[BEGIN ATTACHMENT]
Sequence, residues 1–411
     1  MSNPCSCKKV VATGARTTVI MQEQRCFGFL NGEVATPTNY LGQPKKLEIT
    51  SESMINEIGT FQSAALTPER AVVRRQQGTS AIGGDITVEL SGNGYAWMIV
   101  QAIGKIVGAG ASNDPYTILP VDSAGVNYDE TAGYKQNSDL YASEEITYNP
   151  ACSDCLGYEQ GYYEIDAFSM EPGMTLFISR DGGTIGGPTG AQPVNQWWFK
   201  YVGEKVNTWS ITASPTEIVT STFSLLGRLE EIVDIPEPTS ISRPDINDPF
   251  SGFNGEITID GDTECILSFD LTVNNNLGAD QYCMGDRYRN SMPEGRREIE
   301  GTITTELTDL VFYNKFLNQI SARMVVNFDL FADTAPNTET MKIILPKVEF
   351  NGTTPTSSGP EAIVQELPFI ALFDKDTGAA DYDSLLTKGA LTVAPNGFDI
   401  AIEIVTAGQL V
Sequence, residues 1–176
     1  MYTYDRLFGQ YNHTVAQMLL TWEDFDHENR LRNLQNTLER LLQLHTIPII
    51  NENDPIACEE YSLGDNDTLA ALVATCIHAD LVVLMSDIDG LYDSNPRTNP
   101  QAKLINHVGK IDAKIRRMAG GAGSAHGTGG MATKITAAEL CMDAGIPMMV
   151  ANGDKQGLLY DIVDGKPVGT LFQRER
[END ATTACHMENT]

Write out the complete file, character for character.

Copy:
Sequence, residues 1–411
     1  MSNPCSCKKV VATGARTTVI MQEQRCFGFL NGEVATPTNY LGQPKKLEIT
    51  SESMINEIGT FQSAALTPER AVVRRQQGTS AIGGDITVEL SGNGYAWMIV
   101  QAIGKIVGAG ASNDPYTILP VDSAGVNYDE TAGYKQNSDL YASEEITYNP
   151  ACSDCLGYEQ GYYEIDAFSM EPGMTLFISR DGGTIGGPTG AQPVNQWWFK
   201  YVGEKVNTWS ITASPTEIVT STFSLLGRLE EIVDIPEPTS ISRPDINDPF
   251  SGFNGEITID GDTECILSFD LTVNNNLGAD QYCMGDRYRN SMPEGRREIE
   301  GTITTELTDL VFYNKFLNQI SARMVVNFDL FADTAPNTET MKIILPKVEF
   351  NGTTPTSSGP EAIVQELPFI ALFDKDTGAA DYDSLLTKGA LTVAPNGFDI
   401  AIEIVTAGQL V
Sequence, residues 1–176
     1  MYTYDRLFGQ YNHTVAQMLL TWEDFDHENR LRNLQNTLER LLQLHTIPII
    51  NENDPIACEE YSLGDNDTLA ALVATCIHAD LVVLMSDIDG LYDSNPRTNP
   101  QAKLINHVGK IDAKIRRMAG GAGSAHGTGG MATKITAAEL CMDAGIPMMV
   151  ANGDKQGLLY DIVDGKPVGT LFQRER